Scottish Labour rejects ‘sex-based rights’ motion backed by women’s conference and most CLPs

Tom Belger

Scottish Labour has voted down a motion submitted via its women’s conference which had urged it to “acknowledge the principle of women’s sex-based rights”, despite most Constituency Labour Party delegates and the Scottish Labour women’s conference supporting the motion.

Critics of the motion have hit out at “transphobia” within the party, but supporters said it was “chilling” to see a women’s conference motion voted down.

A card vote was held on the floor of the Scottish Labour party conference in Glasgow over the motion this weekend. LabourList can reveal 69.3% of CLP delegates’ votes were for the motion, but votes are weighted equally between CLP delegates and party affiliates.

The motion fell because 77% of affiliate votes were against it, making it the first and only motion to have been rejected by the conference. The party’s affiliate groups include trade unions, socialist societies and equality groups. Multiple sources told LabourList several trade unions voted against the motion.

The motion had urged Scottish Labour “to acknowledge the principle of women’s sex based rights, as well as those conferred upon them by other protected characteristics”.

“Conference calls on Scottish Labour to encourage positive debate within the Labour Party. Conference also calls on Scottish Labour to take account of the primacy of the Equality Act 2010 in policy development and to take the steps required to end inequality and protect women and girls from violence, discrimination, and exploitation,” it reads.

The final composite motion was a a merged version of an Edinburgh Southern CLP motion backed by Scottish Labour Women’s conference and a Rutherglen CLP.

LWD: ‘Chilling’ to see women’s conference motion rejected

A spokesperson for Labour Women’s Declaration, which backs the motion, said: “The sight of a sea of men’s hands voting against the motion from women’s conference was chilling. Scottish Labour and the trade unions involved need a long hard look at themselves.”

They said they would be “seeking an urgent meeting with the leadership” to see how members’ views would be upheld, and urged any unions which voted down the motion to “explain what they objected to, and when and where they consulted their women members before making this decision to oppose”.

Labour MP Rosie Duffield posted on X in support of LWD and the motion, adding: “We will continue to demand our rights whether these organisations like it or not.

LWD also said that the motion had “clearly supported single-sex spaces for women”, but had already been “watered down” from the women’s conference motion.

The Daily Record reports the initial version had included a line that did not make the final cut: “We recommend that Scottish Labour leadership follow Keir Starmer’s lead and openly recognise women as adult human females.”

Labour MSP Elaine Smith said the amended version “does not do justice” to the women’s conference version, according to The Daily Telegraph, and urged a rule change to ensure women’s conference motions remain unamended at conference. “Or else it looks like women’s voices are being silenced or watered down.”

Former Scottish National Party leadership candidate Ash Regan, now leader of the Alba party at Holyrood, sought to capitalise on the issue, claiming Labour had “made it clear that they also cannot be trusted to listen to women on what we need from legislators and policymakers to protect the dignity & safety of women and girls”.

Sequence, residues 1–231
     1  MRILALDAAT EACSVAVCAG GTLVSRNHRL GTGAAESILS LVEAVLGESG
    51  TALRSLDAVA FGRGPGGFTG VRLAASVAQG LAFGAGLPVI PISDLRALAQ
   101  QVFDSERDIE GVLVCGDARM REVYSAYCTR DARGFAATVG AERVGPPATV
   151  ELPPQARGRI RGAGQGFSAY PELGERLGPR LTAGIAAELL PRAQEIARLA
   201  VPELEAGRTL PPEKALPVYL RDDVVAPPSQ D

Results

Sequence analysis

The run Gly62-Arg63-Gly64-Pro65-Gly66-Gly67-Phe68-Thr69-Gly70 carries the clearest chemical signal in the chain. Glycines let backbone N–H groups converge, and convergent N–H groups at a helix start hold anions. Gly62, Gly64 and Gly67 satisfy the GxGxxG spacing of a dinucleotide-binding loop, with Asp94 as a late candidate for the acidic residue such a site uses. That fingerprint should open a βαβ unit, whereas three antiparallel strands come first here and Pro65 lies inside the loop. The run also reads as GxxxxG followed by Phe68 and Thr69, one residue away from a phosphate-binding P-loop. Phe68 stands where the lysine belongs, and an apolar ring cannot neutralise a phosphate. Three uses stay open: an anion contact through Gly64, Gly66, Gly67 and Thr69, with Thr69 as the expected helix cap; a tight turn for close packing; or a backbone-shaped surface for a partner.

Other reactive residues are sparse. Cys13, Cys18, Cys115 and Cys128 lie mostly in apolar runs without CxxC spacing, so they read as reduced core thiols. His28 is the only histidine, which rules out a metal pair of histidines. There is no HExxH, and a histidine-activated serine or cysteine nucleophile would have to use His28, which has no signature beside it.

‘The party of equality must stand for trans rights’

But Lauren Harper, youth representative on Labour’s Scottish Executive Committee, said delegates were “absolutely” right to reject the motion, which would have been a “step in the wrong direction”. The original would also have been “far worse”.

She praised the trade unions which voted against it, saying Labour’s “progressivism comes from the trade unions” and that there is misogyny and transphobia within Labour that “comes from the same bigotry”.

“Trans people and women are not at odds, and it benefits the capitalist class most when the discussion is about single-sex spaces not the barriers that the two groups share to having their rights in the workplace and wider society recognised and respected. It’s a form of hegemony to keep the the two groups from realising their true enemy of their rights, the capitalist class.”

Another youth delegate, who did not want to be named, told LabourList: “As the party of equality, the party who scrapped Section 28 and brought in the equality act, if we don’t stand for the rights of trans-peoples then those previous achievements and accolades become hollow. No-one who claims to be on the left should be willing to have one groups’ rights protected at the expense of the existence of another minority.”

Ttwo candidates running against each other to be the Scottish Labour youth representative in Labour’s national policy forum process also issued a joint statement saying: “We reaffirm our support for our trans comrades”. They urged the party to now “reaffirm the Scottish Labour Party’s support for our transgender community” following the vote.

Another trans member also questioned the motion’s reference to 2010 equality legislation. The motion says that the Equality Act allows for some single-sex spaces.

The member said interpretation of the law was contested, and guidance indicates it is only allowed when it is a “proportionate means of achieving a legitimate aim” such as privacy, decency, preventing trauma or health and safety”.

Scottish Labour was approached for comment.

Read more of LabourList’s Scottish Labour party conference 2024 coverage from our editor in Glasgow:





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